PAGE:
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Charlette Roman and Gene Lollis addresses Junior Cattlemen’s Association volunteers


The Florida Cattlemen, Cattlewomen and Junior Cattlemen’s Association held their annual convention on Marco Island this past week in part to celebrate 500 years of cattle in Florida. The association and cattle industry are about family, heritage and caring for the land, wildlife and water that is so precious to them. Carrying this deep seeded value from their ranches throughout the State to the Island, resulted in a group of caring young cattlemen and cattlewomen to contact the Florida Department of Environmental Protection and volunteer to help remove exotics from the Rookery Bay Snail Trail.

Donna Young serves as Volunteer Coordinator for the Rookery Bay National Estuarine Research Reserve. Before the Cattlemen arrived, she emphasized the importance of staying hydrated and protected from pests and exotic plants. She also warned about the heat and hard work associated with exotic plant control. “We are used to long hours outside caring for our animals and controlling exotics on our ranches every day. Our ranches provide habitat for a significant amount of threatened and endangered species, including wetlands and uplands. We love the land and that includes helping the State manage the Rookery Bay Reserve. We are hoping to learn more about the Reserve but also show that we care about the environment and are all in this together” said Junior Florida Cattlemen’s Association volunteer coordinator Allyson Trimble.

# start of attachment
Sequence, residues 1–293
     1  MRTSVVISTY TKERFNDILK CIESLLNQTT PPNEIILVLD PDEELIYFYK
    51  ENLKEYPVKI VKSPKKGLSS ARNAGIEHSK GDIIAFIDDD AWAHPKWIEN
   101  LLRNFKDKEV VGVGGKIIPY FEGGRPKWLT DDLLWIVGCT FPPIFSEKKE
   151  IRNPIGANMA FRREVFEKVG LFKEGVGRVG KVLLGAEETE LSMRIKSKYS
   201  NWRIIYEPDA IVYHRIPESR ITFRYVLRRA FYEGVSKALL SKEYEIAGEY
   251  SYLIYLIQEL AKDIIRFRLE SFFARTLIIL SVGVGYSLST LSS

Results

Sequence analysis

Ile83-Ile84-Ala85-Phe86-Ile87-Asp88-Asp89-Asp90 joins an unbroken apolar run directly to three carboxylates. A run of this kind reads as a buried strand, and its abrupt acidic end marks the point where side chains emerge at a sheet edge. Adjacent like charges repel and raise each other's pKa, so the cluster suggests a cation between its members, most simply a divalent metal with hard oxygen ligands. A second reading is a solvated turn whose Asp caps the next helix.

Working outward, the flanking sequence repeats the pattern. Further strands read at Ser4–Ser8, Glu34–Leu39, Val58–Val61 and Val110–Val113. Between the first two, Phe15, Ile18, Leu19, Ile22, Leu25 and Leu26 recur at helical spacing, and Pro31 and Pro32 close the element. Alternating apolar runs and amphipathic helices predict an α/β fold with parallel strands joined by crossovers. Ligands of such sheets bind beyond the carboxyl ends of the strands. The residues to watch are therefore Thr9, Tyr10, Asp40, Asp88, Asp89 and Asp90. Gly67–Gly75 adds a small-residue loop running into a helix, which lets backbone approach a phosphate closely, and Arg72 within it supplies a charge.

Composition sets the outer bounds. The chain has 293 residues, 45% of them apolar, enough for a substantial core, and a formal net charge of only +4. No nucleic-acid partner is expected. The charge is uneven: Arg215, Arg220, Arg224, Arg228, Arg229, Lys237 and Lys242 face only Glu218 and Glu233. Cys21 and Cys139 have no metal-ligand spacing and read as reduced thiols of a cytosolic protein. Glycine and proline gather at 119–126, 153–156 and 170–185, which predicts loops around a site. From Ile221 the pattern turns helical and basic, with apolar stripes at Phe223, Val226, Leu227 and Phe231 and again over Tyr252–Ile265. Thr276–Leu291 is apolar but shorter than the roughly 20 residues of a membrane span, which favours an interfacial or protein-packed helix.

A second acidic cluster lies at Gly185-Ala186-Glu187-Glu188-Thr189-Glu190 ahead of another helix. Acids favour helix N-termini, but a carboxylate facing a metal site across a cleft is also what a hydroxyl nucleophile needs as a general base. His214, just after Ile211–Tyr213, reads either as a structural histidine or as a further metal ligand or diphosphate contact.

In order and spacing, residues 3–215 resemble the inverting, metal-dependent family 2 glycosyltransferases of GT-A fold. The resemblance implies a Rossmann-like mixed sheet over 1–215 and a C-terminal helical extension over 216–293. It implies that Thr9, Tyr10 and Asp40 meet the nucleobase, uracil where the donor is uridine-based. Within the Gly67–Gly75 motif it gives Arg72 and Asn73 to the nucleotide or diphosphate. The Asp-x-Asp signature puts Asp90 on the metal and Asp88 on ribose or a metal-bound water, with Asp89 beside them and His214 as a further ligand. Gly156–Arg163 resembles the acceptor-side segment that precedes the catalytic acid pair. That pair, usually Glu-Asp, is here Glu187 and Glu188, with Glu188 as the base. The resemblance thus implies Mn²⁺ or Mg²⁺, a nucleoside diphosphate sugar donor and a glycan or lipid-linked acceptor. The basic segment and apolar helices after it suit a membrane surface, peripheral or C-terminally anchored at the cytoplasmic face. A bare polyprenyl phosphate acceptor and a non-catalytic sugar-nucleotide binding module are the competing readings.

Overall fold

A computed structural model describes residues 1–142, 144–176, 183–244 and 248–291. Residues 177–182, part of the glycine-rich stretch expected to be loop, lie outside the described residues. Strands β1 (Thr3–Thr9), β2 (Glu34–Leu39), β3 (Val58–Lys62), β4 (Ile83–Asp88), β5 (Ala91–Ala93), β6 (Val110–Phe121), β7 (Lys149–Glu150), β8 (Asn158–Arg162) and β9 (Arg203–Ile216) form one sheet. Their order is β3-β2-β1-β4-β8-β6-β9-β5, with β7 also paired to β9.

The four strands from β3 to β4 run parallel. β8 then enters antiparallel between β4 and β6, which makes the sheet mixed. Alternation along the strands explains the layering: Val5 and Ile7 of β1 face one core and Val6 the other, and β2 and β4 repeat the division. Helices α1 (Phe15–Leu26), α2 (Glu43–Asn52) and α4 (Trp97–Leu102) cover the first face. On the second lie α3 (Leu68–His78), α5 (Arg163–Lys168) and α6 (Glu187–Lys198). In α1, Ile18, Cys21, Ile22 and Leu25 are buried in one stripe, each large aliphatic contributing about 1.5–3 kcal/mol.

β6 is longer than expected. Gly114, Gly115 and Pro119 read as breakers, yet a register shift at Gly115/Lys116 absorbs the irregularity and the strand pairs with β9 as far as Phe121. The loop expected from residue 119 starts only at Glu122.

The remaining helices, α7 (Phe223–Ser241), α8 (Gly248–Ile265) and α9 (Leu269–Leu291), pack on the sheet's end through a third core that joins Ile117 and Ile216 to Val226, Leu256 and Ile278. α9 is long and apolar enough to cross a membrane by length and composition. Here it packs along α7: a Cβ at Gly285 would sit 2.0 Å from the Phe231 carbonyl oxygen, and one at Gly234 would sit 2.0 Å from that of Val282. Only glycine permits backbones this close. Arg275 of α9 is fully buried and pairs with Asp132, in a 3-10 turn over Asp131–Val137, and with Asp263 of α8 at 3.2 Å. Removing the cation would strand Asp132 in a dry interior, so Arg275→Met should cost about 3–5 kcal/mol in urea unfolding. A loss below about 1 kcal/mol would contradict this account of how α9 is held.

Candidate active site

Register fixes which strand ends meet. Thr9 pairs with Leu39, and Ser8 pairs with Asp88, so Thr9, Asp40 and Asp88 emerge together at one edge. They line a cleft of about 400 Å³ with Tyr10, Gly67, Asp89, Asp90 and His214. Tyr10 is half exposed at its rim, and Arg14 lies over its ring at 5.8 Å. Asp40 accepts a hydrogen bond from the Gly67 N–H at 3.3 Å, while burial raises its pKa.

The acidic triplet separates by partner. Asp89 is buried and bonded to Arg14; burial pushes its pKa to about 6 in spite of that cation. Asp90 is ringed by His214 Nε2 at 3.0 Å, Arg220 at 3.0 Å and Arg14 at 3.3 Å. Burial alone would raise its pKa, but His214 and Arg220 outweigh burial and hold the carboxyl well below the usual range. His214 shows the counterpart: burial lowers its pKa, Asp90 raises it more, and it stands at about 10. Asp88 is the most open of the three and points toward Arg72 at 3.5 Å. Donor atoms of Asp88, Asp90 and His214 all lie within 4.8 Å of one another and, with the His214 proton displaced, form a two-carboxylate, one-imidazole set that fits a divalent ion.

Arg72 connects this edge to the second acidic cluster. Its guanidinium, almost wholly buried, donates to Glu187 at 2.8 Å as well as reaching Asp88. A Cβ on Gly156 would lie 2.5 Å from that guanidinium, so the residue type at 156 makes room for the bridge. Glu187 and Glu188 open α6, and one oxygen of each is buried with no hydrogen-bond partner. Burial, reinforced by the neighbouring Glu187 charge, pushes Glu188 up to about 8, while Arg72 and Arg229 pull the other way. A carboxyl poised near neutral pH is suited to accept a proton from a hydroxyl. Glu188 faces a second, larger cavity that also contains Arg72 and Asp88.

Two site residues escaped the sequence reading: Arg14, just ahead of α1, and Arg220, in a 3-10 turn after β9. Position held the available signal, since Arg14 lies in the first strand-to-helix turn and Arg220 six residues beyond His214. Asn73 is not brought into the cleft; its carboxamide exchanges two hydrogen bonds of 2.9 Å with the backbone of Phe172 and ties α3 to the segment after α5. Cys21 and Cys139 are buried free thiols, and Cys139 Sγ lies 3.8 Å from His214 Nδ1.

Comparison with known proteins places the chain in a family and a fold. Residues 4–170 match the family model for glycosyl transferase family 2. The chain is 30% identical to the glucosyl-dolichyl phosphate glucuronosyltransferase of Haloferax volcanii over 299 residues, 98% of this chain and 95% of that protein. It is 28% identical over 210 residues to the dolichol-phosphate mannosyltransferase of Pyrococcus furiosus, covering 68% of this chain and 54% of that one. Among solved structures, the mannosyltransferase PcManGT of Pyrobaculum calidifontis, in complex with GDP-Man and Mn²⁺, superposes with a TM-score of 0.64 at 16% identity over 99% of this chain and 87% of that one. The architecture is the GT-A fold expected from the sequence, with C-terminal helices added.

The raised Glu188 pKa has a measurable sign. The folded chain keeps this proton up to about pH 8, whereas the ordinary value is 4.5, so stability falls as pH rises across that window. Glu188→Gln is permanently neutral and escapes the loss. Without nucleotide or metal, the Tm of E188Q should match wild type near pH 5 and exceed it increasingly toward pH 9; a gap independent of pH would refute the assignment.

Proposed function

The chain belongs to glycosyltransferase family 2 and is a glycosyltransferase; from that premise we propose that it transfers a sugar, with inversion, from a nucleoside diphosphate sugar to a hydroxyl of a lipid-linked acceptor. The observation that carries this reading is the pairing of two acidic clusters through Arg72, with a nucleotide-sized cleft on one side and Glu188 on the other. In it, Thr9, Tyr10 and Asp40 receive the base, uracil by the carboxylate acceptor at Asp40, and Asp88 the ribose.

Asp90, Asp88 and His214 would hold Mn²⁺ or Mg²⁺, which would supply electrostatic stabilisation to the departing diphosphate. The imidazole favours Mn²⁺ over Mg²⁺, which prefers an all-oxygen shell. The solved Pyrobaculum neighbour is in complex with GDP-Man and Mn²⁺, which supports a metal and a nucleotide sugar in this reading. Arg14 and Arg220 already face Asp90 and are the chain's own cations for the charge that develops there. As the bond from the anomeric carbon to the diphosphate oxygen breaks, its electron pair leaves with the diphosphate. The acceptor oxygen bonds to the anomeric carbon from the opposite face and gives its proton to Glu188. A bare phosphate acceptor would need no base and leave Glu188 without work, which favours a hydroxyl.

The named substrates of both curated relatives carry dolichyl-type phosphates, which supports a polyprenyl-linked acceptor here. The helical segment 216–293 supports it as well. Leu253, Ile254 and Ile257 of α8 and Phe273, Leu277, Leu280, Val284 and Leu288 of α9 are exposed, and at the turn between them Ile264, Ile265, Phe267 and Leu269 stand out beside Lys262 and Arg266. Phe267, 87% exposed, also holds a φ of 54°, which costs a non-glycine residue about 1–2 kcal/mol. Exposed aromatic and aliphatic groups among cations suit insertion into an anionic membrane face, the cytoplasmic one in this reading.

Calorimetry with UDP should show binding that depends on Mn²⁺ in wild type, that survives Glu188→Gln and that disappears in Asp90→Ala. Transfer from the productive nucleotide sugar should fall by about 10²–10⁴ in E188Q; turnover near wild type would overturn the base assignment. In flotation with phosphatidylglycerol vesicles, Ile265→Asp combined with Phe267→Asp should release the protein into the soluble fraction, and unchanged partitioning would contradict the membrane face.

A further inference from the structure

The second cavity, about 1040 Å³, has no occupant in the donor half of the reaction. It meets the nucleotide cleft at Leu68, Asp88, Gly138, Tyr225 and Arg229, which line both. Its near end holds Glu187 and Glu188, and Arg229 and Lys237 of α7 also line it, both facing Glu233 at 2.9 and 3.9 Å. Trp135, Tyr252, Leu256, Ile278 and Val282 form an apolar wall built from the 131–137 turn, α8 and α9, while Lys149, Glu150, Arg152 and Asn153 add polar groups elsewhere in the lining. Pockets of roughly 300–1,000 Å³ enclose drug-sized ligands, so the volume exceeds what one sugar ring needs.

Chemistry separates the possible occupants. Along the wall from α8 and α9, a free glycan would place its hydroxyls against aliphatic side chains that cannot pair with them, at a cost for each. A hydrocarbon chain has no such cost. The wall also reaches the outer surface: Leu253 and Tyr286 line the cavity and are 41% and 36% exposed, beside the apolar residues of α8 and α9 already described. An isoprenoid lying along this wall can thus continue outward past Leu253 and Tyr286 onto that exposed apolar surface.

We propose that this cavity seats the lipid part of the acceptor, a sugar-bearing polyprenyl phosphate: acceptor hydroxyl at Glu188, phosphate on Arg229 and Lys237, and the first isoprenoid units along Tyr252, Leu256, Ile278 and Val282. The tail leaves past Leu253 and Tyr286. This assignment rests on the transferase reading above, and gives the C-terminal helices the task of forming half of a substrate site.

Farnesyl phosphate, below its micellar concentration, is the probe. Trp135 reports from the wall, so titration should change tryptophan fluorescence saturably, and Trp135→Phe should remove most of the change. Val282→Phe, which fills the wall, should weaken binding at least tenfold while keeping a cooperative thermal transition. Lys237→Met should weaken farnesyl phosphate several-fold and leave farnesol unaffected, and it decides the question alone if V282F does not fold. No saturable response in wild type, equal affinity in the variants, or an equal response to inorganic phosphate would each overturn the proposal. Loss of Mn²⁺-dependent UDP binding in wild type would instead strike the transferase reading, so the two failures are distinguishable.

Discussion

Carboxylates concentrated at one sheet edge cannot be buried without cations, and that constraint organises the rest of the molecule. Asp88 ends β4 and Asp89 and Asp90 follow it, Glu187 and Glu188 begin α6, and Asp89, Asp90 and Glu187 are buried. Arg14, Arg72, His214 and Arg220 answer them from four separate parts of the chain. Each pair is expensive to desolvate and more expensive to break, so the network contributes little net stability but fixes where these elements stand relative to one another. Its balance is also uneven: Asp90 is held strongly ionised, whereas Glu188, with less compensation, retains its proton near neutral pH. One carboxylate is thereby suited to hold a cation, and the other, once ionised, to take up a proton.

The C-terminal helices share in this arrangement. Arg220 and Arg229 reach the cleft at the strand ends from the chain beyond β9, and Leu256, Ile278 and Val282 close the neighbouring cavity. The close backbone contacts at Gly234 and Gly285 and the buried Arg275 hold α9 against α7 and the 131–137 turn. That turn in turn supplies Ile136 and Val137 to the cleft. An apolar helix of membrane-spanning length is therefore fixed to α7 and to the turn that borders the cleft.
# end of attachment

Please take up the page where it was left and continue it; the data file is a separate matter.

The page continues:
The young adults cleared the trail for approximately four hours on Thursday, June 17, 2021, and were rewarded with a visit by South Florida Water Management District’s Governing Board Member and Big Cypress Board Chair, Charlette Roman and Florida Cattlemen’s Association’s President, Gene Lollis.  “What a great group of kids that would give up part of their free time at the beach to provide a much-needed community service. I remember when the AmeriCorps came and did the same work on the trails in association with a visit from President Bush in 2004. I can’t express how happy I am to see such selfless volunteerism alive and well today especially from visitors to the area,” noted Charlette Roman. Gene Lollis thanked his organization’s youth and told them how proud he was of them for transferring their home ranch values to improving the environment on public lands. “We really need to work together on the issues facing our great State and agree that people moving into and living in Florida have changed our natural resources.  Only great planning and cooperation will maintain the benefits that our ranches provide while improving and protecting the quality of our natural resources as Florida continues to grow.” 


 

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